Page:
Beto O'Rourke, the Democratic hopeful challenging Republican senator Ted Cruz in the midterms next month, has come under fire for a Broadway musical critique he wrote in 1991 that included objectifying and degrading language regarding the actresses. O'Rourke told Politico, which first reported the review, in a statement, "I am ashamed of what I wrote and I apologize. There is no excuse for making disrespectful and demeaning comments about women."
As a 19-year-old, O'Rourke reviewed the musical "The Will Rogers Follies" for Columbia University's weekly student newspaper, Columbia Daily Spectator, and railed into the performance, saying it represents "one of the most glaring examples of the sickening excesses and moral degradations of our culture."
But beyond criticizing the show, which won Tony Awards for categories like Best Direction of a Musical, as well as a handful of others, O'Rourke had especially harsh words for the women starring in it. In his review, he described them "as perma-smile actresses whose only qualifications seem to be their phenomenally large breasts and tight buttocks."
"The production, done in the ostentatious Ziegfield tradition, is little more than one boring, pointless song and dance number after another," O'Rourke, under the byline Robert O'Rourke wrote on October 10, 1991. "Basically, the show documents the life of Will Rogers, the 'lassoing fool,' who rose from being an insignificant side show attraction to one of the more prominent political pundits and cultural statesmen in our history. Yet it is produced and directed in such a showy, glitzy, and ultimately, tacky manner, that one cannot help feeling disgusted throughout the show."
The short review goes on to criticize "the multitude of scantily clad men and women," and also concluded with an admission. "One thing that should be taken into consideration, however, is that I was the youngest person in the crowd by about 60 years," O'Rourke wrote. "Though I found it revolting, most people from that long-ago, faraway generation really enjoyed the show, and were very pleased with the performances."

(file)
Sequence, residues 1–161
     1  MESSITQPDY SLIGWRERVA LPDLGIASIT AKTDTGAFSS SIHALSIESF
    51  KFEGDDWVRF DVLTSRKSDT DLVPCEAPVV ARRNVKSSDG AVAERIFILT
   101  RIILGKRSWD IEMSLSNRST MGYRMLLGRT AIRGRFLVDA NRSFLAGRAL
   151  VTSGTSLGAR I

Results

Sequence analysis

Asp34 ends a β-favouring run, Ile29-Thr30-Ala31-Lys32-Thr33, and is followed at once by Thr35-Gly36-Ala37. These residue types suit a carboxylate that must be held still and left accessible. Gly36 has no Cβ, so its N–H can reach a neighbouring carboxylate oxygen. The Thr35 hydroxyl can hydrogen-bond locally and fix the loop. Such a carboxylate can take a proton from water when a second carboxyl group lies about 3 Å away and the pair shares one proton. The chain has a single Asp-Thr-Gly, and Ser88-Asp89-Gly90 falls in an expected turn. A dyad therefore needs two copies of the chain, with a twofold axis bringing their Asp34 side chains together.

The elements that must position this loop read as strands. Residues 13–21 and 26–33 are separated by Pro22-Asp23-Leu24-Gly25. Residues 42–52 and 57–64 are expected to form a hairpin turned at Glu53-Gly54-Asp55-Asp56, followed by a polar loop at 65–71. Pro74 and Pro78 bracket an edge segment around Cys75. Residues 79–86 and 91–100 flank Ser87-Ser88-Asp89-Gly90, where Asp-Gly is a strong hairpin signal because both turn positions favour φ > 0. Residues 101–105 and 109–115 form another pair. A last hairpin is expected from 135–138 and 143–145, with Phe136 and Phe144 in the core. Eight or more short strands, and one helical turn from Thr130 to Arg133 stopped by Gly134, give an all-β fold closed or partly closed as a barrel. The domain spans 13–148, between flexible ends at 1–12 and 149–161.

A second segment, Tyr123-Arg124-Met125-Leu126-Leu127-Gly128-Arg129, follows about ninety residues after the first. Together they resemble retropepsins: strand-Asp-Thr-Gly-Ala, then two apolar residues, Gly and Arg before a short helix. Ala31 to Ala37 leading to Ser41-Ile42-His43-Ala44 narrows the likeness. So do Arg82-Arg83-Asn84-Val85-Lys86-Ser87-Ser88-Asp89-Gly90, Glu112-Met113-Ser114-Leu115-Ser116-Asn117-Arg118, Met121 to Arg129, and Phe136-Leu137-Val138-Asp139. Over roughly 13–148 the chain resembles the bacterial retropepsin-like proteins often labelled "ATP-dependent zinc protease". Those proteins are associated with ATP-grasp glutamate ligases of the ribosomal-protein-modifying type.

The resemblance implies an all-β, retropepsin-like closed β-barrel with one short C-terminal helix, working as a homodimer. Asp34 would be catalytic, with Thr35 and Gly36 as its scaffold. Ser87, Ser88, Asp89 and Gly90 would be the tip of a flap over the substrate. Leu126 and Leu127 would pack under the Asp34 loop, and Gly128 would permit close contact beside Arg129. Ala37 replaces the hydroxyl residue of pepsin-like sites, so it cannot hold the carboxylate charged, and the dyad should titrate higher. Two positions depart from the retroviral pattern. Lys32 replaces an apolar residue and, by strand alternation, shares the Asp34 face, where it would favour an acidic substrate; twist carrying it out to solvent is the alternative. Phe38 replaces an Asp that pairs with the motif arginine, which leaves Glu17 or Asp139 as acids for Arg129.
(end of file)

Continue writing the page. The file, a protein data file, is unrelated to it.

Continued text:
O'Rourke's crude review is the only article he wrote for the newspaper, according to an archive search conducted by Politico, and the publication first learned of its existence when a person who opposes the Democratic candidate's Senate campaign, flagged it. While O'Rourke's review was dredged up for political motivations, it does signal that Democrat men will be forced to acknowledge past mistreatment of women.
It's a reality that former vice president Joe Biden is facing as he considers a presidential run in 2020. A major point of contention for him in the era of #MeToo is the past perception that he mishandled Anita Hill's sexual harassment accusations against then-Supreme Court nominee Clarence Thomas.
O'Rourke is in the thick of a high-profile Senate race against Republican incumbent Ted Cruz. The Texas politician has served in the U.S. House of Representatives since 2013 and is part of a new crop of progressive Democrats running for major elections this November, who are engaging new, diverse voters.
"Our contention is that if no one’s ever shown up, and listened to you, and incorporated your story into why they’re campaigning, and the expectations that we’re setting for one another, then I wouldn’t expect you to vote either," O’Rourke told The Texas Tribune on Saturday at a rally.
The most recent Quinnipiac poll determined that Cruz has a nine-point lead. Yet, O'Rourke leads 97 - 3 percent amount black voters and 54 - 45 among Latino voters.